Classroom management is by far the hardest part of the job. Finding a system that works for you isn’t always easy. Even though I’ve essentially used the same system for years, I’ve had to tweak it each year to meet the needs of my students. The most important thing to remember is that keeping an organized system in place will allow you to focus on teaching, rather than behavior, as the year progresses.


About the Author
Elizabeth Supan is an elementary school teacher in South Carolina with 18 years experience. Currently she is a 4th grade math teacher. She uses small group math instruction to meet the needs of her diverse learners. You can read more about her teaching on her blog Fun in Room 4B. Aside from teaching, Elizabeth enjoys crafting, completing DIY projects and spending time with her husband and children.


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  • Elizabeth Supan
    January 1, 2013

    Thanks for all of the comments everyone! This system has worked for me for years. It’s not the only method that works and all teachers need to find the one that works for them. I do love that this system allows for me to be non-confrontational. It shares with parents the information they need and the students are held accountable. For me it’s a win-win.

    If you have any more questions, don’t hesitate to contact me:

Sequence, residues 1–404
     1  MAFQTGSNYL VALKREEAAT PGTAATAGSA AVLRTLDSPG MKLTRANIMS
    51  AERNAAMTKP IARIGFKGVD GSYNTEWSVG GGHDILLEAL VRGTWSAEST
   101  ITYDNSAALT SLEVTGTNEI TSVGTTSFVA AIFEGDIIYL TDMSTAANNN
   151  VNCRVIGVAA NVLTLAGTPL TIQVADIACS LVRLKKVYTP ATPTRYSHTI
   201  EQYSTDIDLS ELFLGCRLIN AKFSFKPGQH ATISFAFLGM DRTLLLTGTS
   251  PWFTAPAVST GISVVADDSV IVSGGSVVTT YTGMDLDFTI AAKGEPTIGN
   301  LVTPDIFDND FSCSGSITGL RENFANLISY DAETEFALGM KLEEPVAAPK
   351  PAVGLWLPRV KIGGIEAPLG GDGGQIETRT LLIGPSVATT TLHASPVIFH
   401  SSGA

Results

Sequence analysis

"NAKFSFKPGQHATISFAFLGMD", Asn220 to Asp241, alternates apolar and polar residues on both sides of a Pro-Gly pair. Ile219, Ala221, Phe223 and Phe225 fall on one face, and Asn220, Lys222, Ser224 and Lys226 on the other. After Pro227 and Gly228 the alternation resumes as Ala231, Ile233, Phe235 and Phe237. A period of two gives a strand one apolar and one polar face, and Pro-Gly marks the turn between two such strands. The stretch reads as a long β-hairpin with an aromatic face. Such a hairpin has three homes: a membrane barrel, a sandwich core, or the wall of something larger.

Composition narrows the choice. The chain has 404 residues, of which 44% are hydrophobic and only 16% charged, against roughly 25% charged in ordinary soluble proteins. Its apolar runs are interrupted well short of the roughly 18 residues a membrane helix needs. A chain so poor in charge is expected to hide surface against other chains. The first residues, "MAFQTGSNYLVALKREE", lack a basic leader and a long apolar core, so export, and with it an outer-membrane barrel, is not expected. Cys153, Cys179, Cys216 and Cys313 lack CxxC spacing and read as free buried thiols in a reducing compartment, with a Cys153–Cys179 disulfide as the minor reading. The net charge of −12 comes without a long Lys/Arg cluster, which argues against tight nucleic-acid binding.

• Antoinette Y.
    December 5, 2012

    Thank you so much for sharing such wonderful behavior management ideas. I agree that classroom management is one of the most difficult parts of being a teacher. Each year we receive a brand new group of students and have to start over to test which strategies will work the best. Each year I also find myself revising the classroom behavior management plan to meet the needs of my students. Like you, I also send home letters at the beginning of the year highlighting my expectations for both students and parents. Collaborating with parents and making them aware of our expectations helps to build positive parent-teacher relationships.

  • Brian Hopkins
    December 3, 2012

    Love the point system and the abbreviated words to put on the cover of the planner! Awesome!

  • Gloria Wilson
    November 27, 2012

    What is important is that students know exactly what is expected of them. Sometimes we can set too complicated a system in place and it backfires

  • Joanne M.
    November 25, 2012

    Thank you for writing about such an effective management tool. It’s always nice to hear about something that really works.

  • Twila claycomb
    November 23, 2012

    This method allows for a non-confrontational approach to discipline by allowing it to be noted by the teacher and then communicated to the parents. Teachers do not waste time telling students what is wrong (the students already know about it anyway). This information is then communicated in an efficient way to parents. This is a win win response to discipline, and definitely one worth implementing.

  • Jill
    November 18, 2012

    I like the Clip Chart!

  • nichole
    November 18, 2012